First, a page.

This article originally appeared on K12 News Network's The Wire.
On June 21, 2016, the LAUSD School Board debated a resolution co-sponsored by Ref Rodriguez and Monica Garcia that would establish an “impartial group of District and charter school leaders” to make recommendations on improving “the process around successful co-locations”. Under the Improving the Policies and Practices Impacting Co-Located Public Schools resolution, the Superintendent would be required to consider these recommendations “for implementation in the Fall of 2016”. The following is a copy of my comments to the Board before they began debate:
I’ve never heard a parent say “gee, I really hope that a charter co-locates at our campus next year.” Usually when a parent finds out that there is going to be a charter looking at that campus, they look at it like a parasite is looking to move into a host. They are concerned that it is going to divide their school community. They are concerned about overcrowding. They are concerned that it is just going to ruin the feel of a neighborhood school. Yet this resolution says: “Proposition 39 presents an opportunity for charter schools and traditional District schools to collaborate by sharing resources that benefit all public school students.”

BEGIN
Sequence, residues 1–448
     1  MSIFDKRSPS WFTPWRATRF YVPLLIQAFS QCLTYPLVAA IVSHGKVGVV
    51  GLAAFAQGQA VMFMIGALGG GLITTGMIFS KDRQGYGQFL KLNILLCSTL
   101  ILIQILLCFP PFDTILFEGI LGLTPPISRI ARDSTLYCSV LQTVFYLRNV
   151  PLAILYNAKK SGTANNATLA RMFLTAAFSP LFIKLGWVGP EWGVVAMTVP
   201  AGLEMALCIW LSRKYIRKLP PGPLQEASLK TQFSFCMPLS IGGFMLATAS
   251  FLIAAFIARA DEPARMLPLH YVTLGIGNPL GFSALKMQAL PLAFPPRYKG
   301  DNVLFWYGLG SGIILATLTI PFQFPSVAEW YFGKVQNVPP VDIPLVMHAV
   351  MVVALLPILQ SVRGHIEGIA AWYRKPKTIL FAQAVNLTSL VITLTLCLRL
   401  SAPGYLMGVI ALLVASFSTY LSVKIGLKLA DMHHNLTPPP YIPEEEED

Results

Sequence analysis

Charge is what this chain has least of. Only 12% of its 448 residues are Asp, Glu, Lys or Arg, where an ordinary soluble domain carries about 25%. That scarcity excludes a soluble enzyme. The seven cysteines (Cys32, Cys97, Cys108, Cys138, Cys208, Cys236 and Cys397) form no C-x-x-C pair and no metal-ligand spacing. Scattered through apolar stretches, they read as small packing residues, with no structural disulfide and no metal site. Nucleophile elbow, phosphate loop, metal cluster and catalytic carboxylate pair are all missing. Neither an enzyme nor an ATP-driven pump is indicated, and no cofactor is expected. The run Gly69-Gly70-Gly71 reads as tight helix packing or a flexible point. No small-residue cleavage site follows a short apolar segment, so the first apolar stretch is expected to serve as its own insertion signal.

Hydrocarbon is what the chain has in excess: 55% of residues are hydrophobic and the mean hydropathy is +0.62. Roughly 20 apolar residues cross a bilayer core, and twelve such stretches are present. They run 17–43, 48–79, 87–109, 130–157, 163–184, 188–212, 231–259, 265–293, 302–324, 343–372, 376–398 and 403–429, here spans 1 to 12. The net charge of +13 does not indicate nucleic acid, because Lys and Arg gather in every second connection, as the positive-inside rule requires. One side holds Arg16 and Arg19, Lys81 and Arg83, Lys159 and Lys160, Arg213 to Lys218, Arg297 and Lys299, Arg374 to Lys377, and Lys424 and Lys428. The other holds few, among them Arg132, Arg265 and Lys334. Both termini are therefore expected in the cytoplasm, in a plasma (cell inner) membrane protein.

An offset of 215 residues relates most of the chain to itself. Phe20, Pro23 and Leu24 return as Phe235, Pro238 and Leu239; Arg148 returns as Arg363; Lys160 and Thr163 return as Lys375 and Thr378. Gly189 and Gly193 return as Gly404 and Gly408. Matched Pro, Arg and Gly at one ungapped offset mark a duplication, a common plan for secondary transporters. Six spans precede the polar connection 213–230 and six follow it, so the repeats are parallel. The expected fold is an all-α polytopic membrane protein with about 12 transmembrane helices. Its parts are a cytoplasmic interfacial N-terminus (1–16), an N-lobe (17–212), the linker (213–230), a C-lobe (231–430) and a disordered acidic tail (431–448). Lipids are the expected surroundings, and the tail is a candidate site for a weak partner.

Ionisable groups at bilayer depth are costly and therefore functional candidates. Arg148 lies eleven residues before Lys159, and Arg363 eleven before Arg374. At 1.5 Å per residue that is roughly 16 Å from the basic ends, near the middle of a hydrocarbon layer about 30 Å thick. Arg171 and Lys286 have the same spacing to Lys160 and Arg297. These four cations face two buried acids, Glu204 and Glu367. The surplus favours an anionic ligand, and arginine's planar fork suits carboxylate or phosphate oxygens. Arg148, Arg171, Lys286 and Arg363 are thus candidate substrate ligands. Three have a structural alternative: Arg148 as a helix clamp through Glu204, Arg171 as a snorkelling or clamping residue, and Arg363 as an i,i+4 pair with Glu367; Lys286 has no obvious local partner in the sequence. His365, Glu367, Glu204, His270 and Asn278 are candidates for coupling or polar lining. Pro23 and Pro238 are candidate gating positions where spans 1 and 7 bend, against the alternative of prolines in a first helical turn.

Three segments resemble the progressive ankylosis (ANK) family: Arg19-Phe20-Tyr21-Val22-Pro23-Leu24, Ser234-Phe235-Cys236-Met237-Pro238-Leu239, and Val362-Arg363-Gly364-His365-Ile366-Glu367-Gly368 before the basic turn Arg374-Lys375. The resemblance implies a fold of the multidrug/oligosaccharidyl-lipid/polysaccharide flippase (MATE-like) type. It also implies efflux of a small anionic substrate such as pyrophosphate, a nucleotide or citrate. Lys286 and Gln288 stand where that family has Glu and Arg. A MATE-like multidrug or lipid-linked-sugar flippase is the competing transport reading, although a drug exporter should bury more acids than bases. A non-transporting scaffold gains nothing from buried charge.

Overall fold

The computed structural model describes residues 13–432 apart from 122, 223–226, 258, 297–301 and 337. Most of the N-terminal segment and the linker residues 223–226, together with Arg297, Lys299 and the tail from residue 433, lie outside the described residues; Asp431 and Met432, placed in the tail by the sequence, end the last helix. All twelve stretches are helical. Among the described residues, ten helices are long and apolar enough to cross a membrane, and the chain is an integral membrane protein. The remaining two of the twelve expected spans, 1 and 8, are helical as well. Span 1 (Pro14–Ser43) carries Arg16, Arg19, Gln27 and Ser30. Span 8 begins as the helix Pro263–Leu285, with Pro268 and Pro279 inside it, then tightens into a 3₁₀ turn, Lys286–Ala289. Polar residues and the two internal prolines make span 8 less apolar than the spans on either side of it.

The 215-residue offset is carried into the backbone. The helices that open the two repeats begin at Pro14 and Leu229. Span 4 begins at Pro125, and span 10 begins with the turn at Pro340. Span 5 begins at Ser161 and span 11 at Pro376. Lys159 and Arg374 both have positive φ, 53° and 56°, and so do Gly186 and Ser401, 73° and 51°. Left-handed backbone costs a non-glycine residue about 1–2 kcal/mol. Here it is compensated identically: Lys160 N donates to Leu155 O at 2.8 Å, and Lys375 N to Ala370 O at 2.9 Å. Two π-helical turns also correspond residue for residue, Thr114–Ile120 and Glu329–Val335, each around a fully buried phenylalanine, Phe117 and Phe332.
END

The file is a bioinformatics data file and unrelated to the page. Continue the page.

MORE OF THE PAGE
“Opportunity.” Kind of reminds me of a lyric from a song in my youth: “You say it’s raining, but you’re pissin’ down my back.”
Then to add insult to injury, it calls for an “impartial group of District and charter school leaders” to formulate suggestions for the Superintendent to implement. “Impartial”, so anybody who is against these co-locations won’t have a say in what is happening. That doesn’t seem right.
Then it pushes for “multi-year occupancies” by these charter schools. So now a parent who is concerned about what is going to happen and finds that their fears come true are going to get stuck with a multi-year occupancy. That doesn’t sound like parental engagement to me.
I realize that the California Charter School Association spends a lot of money to put people on this Board, but this Board is supposed to represent the students of the LAUSD. Therefore, I think that you should reject this resolution and present one that protects the students of the LAUSD.
It should provide for a group that offers alternatives to co-locations, including looking at changing the law.
It also should also encourage the Charter School Division to be more proactive in how they oversee these schools. Right now we have El Camino where their Principal took off with $125,000 in expenses on the school’s credit card, including buying airline tickets for his moonlighting job. We have Granada Hills Charter High School who borrowed $600,000 from their Associated Student Body account without any authorization. Whatever happened to that PUC investigation?
The Board needs to start protecting this District and look at these charter schools like the adversaries that they are. Eli Broad is looking to pour more resources into making more charter schools, which threatens the District with bankruptcy. We need to stop rubber-stamping every charter school that comes along and demand real accountability.
After debating the subject, the Board voted 5-2-0 to approve the resolution. George McKenna and Scott Schmerelson provided the “no” votes.